Sign In

Communications of the ACM

Review Articles

Mechanical Mathematicians

stylized mechanical gears, illustration

Credit: Martin Capek

In the 1960s, researchers dreamed of automatic theorem provers powerful enough to develop lengthy proofs of conjectures that no human was able to prove before. Some even thought these "mechanical mathematicians" would eventually replace flesh-and-blood mathematicians. However, for many decades, automatic provers remained too weak to help, let alone replace, mathematicians. Instead, mathematicians turned to computer algebra systems, which help not so much with proofs as with computations, and automatic provers turned to other application areas. These areas include hardware and software verification, either directly or via an interactive verification platform (for example, Atelier B, Dafny, F*, Frama-C, SPARK 2014, Spec#, VCC, Why3). In addition, automatic provers are used as back ends to general-purpose proof assistants (for example, ACL2, Coq, HOL, Isabelle, Lean, Mizar, PVS). As mathematicians are slowly embracing proof assistants, automatic provers are finally becoming useful to them, for discharging straight-forward but tedious proof tasks.

Back to Top

Key Insights


As a simple example from elementary mathematics, consider the formula


The logical symbols ∧ and ⇒ mean "and" and "implies," gcd is the greatest common divisor, and | is the "divides" relation between two numbers (for example, d | ab means ab is divisible by d). Let us check a special case: If a = 12, b = 35, and d = 5, we have a' = 1, b' = 5, and indeed a'b' = 5 divides d = 5 and vice versa. Mathematicians can easily see that the formula holds in general, but to write a formal proof with an acceptable level of detail for a proof assistant can easily take 15 or 30 minutes. In contrast, automatic theorem provers can prove such formulas within seconds.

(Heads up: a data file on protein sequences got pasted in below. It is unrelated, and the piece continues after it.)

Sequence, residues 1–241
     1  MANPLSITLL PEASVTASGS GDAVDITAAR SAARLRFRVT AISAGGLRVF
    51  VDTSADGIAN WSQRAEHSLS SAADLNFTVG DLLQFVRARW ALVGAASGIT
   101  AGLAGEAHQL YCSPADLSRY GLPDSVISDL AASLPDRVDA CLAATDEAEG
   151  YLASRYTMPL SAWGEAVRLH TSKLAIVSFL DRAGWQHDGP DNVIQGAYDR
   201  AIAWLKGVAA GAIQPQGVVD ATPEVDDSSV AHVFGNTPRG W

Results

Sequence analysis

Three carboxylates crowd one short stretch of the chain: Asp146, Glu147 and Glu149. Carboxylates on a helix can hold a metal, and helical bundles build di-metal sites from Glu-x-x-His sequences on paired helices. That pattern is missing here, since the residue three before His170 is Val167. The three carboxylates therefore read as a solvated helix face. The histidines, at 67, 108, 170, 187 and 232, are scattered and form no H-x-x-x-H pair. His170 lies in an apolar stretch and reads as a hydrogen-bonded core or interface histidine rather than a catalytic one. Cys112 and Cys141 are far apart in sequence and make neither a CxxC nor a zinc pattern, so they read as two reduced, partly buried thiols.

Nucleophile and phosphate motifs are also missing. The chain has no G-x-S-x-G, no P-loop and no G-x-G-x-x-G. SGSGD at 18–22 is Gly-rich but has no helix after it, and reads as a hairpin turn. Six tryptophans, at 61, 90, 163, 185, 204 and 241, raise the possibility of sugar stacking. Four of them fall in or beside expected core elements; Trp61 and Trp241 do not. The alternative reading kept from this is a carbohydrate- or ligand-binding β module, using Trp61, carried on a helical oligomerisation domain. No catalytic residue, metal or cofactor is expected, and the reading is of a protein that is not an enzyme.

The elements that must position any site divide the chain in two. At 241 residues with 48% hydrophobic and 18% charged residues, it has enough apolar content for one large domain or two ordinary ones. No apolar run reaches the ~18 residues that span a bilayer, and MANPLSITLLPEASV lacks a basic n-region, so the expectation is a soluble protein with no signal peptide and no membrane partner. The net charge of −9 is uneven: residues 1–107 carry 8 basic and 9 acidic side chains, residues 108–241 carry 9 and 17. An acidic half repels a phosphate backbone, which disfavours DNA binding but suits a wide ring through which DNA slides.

No entries found

Log in to Read the Full Article

Sign In

Sign in using your ACM Web Account username and password to access premium content if you are an ACM member, Communications subscriber or Digital Library subscriber.

Need Access?

Please select one of the options below for access to premium content and features.

Create a Web Account

If you are already an ACM member, Communications subscriber, or Digital Library subscriber, please set up a web account to access premium content on this site.

Join the ACM

Become a member to take full advantage of ACM's outstanding computing information resources, networking opportunities, and other benefits.

Subscribe to Communications of the ACM Magazine

Get full access to 50+ years of CACM content and receive the print version of the magazine monthly.

Purchase the Article

Non-members can purchase this article or a copy of the magazine in which it appears.
Sign In for Full Access
» Forgot Password? » Create an ACM Web Account